ELKHART, Ind. --Embracing the role of party leader, President Donald Trump issued a stern warning Thursday that Democrats would disrupt the economic progress of his administration as he implored fellow Republicans to mobilize behind a slate of Indiana candidates.
Trump used one of his signature rallies in northern Indiana to paint a rosy picture of his presidency, pointing to low unemployment, "booming" job growth and optimism under his watch. Two days after Indiana wrapped up a divisive Republican Senate primary, Trump praised a ticket of House and Senate candidates by name and predicted Democrats would dismantle his agenda if Nancy Pelosi, the current House minority leader, became House speaker.
"You have to work every day between now and November to elect more Republicans so that we can continue to make America great again," Trump said, referencing his 2016 campaign slogan.
Chief among his targets: Indiana's Democratic Sen. Joe Donnelly, who faces Republican businessman Mike Braun in one of the most competitive Senate campaigns. Trump branded Donnelly as "Sleepin' Joe," assailing him for opposing the president's signature tax cuts and the president's efforts to end the Affordable Care Act.
Trump said Donnelly would "do whatever Chuck Schumer and Nancy Pelosi tell him to do." Donnelly, Trump said, will "say one thing in Elkhart" and then support the "radical, liberal agenda. It never, ever fails."
The rally marks Trump's return to the campaign trail. He's planning a series of big-stage events targeting vulnerable Senate Democrats and mobilizing his most fervent supporters on behalf of Republicans after primaries this week that saw GOP congressmen lose in key races.
Trump took the stage in Elkhart, Indiana two days after Republicans nominated Braun to challenge Donnelly. Trump's political advisers view the event as a way to project party unity following a bruising primary. Vice President Mike Pence, the state's former governor, introduced Trump at the rally.
The president has told advisers he is eager to ramp up his campaign travel on behalf of Republicans.
Trump, who helped raise $132 million for the Republican National Committee in 2016, won 10 states where Democratic senators are on the ballot this year. He's expected to campaign heavily to help Republicans maintain Senate and House majorities and elect GOP governors.
Trump's bold strokes on the foreign stage come while he is dogged by the special counsel's ongoing investigation into Russian election meddling and developments about his personal attorney's payments to a porn actress, allowing him to frame the campaign debate, specifically Donnelly's "no" vote on last year's tax overhaul.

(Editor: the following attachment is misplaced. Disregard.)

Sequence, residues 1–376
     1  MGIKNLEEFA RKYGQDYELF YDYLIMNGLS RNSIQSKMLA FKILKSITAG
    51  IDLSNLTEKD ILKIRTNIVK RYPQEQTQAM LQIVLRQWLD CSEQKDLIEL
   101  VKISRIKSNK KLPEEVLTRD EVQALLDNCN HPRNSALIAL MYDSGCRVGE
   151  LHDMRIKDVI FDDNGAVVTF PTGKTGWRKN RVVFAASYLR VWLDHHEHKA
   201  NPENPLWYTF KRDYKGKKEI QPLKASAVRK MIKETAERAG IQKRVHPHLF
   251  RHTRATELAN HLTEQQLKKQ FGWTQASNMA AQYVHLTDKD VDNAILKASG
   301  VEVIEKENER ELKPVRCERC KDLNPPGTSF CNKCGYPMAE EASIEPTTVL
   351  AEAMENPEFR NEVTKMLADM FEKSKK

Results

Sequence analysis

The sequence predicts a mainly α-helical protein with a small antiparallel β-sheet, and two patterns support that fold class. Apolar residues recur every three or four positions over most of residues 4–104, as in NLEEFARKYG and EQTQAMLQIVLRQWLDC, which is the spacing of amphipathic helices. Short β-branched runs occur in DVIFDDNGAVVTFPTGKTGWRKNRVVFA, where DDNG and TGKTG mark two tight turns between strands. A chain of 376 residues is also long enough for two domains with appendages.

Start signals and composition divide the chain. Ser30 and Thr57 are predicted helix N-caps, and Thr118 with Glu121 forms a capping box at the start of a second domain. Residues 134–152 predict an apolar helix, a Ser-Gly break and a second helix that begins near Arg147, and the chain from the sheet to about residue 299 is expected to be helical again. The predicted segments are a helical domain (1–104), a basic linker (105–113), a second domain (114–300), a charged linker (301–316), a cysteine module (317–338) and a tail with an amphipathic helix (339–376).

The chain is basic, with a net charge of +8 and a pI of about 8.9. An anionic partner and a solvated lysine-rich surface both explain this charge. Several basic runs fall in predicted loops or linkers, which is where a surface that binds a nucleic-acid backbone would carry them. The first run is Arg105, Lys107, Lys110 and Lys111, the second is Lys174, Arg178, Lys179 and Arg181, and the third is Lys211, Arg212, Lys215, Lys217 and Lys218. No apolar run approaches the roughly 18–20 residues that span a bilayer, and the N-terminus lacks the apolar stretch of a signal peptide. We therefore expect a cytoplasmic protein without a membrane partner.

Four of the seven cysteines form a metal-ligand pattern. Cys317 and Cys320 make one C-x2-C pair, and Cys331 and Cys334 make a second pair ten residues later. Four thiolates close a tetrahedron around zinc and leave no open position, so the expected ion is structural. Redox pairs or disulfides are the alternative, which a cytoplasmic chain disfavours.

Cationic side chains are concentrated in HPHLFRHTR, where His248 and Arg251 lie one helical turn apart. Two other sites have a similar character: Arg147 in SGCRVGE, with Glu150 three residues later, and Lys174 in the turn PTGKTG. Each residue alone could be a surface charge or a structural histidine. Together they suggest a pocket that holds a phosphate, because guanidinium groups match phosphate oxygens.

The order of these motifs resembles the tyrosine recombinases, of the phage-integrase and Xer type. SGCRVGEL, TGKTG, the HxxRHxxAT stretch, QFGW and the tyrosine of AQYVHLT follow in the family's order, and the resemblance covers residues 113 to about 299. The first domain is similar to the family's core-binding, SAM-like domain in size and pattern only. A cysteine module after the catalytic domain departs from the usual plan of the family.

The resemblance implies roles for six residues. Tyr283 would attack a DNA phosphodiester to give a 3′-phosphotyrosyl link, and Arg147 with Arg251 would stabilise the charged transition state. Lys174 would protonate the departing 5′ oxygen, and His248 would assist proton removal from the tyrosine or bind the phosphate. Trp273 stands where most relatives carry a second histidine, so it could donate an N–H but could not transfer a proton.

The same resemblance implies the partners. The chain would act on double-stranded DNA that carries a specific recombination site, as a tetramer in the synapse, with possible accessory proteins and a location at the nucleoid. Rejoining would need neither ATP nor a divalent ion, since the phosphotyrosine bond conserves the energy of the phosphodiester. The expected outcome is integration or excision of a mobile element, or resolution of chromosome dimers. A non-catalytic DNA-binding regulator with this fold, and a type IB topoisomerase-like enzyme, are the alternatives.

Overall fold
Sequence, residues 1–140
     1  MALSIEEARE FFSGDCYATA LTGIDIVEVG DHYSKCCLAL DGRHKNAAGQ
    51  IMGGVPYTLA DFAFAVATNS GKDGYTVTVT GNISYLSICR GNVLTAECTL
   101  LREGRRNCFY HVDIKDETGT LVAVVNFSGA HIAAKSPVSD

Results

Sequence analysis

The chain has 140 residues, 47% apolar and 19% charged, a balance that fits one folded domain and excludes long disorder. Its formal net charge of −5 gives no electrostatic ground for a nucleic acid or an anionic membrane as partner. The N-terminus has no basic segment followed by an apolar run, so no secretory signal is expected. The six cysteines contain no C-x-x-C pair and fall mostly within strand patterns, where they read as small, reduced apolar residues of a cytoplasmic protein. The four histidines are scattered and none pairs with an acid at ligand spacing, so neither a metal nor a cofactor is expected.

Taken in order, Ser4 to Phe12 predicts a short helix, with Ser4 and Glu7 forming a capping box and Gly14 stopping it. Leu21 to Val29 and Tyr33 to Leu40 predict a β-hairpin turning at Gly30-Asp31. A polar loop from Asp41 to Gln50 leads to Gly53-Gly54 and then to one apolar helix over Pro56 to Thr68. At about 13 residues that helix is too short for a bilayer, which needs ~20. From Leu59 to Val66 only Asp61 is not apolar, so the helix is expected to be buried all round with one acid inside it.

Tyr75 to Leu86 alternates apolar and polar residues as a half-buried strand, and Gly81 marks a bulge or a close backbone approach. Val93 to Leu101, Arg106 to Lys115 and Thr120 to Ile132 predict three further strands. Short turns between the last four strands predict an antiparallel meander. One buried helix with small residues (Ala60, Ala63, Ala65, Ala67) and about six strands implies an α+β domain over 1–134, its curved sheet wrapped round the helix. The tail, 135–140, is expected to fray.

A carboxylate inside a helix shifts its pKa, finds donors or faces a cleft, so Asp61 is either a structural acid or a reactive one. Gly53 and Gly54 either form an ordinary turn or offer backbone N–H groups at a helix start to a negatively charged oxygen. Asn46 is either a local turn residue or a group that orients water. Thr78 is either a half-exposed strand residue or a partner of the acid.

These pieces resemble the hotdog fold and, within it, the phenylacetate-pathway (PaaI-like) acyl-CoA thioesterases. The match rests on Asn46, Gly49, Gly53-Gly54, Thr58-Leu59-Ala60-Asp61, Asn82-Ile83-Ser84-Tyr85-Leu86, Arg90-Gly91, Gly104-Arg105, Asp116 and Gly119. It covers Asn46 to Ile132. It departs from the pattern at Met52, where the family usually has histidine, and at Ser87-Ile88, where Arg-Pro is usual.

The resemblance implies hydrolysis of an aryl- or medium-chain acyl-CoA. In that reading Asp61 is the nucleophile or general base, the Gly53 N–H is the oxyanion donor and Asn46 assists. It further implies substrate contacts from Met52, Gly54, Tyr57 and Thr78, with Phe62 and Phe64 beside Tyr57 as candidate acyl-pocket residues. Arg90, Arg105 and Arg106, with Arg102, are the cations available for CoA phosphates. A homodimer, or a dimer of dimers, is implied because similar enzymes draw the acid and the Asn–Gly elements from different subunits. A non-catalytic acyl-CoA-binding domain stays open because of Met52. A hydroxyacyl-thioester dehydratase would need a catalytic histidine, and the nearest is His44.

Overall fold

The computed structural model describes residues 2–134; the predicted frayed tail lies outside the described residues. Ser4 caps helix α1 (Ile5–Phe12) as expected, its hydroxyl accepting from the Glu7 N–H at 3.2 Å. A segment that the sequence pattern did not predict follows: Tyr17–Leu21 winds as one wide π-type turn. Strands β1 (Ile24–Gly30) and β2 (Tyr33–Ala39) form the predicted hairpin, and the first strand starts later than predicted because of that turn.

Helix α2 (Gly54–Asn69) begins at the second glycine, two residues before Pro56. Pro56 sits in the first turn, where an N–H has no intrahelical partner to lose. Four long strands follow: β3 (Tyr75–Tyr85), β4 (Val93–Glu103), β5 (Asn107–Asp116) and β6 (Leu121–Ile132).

Trump's political advisers chose to hold the rally in the heart of Donnelly's political base. Before his 2012 election, the senator represented a House district that included Elkhart.
The city, home to manufacturing jobs and the recreational vehicle industry, was also paid a visit by President Barack Obama in 2009 when the region was suffering from unemployment rates surpassing 19 percent. Obama returned to Elkhart in 2016 to point to economic progress, but Trump carried the county and much of the region overwhelmingly that year.
The rally comes on the heels of bruising defeats this week for Republican incumbents: Two Indiana congressmen making a bid for a U.S. Senate seat lost to Braun, a North Carolina congressman lost to a pastor and a third incumbent lost in a contested Senate primary in West Virginia.
Ahead of the rally, Donnelly's campaign said the senator had voted with Trump 62 percent of the time "because he works for Hoosiers, not any politician or political party."
The Indiana rally is Trump's fourth political-style event in the past two weeks. Trump skipped the White House Correspondents' Dinner late last month to rally supporters in Macomb County, Michigan.
His speech last week to the National Rifle Association in Dallas put him before thousands of gun-rights activists who actively backed his campaign. And last Saturday, Trump was in Ohio, long the key electoral piece for any GOP presidential hopeful.
A key to Trump's message will be energizing low-propensity Republican voters in 2018, many of whom turned out for the first time in years to vote for him.
As he travels the country, Trump will face the question of whether his appeal is transferable to down-ballot candidates, much in the way that Obama struggled to rally core Democrats when he wasn't running himself.
Obama suffered broad losses in Congress and in statehouses during the 2010 and 2014 midterm elections, an outcome Trump hopes to avoid.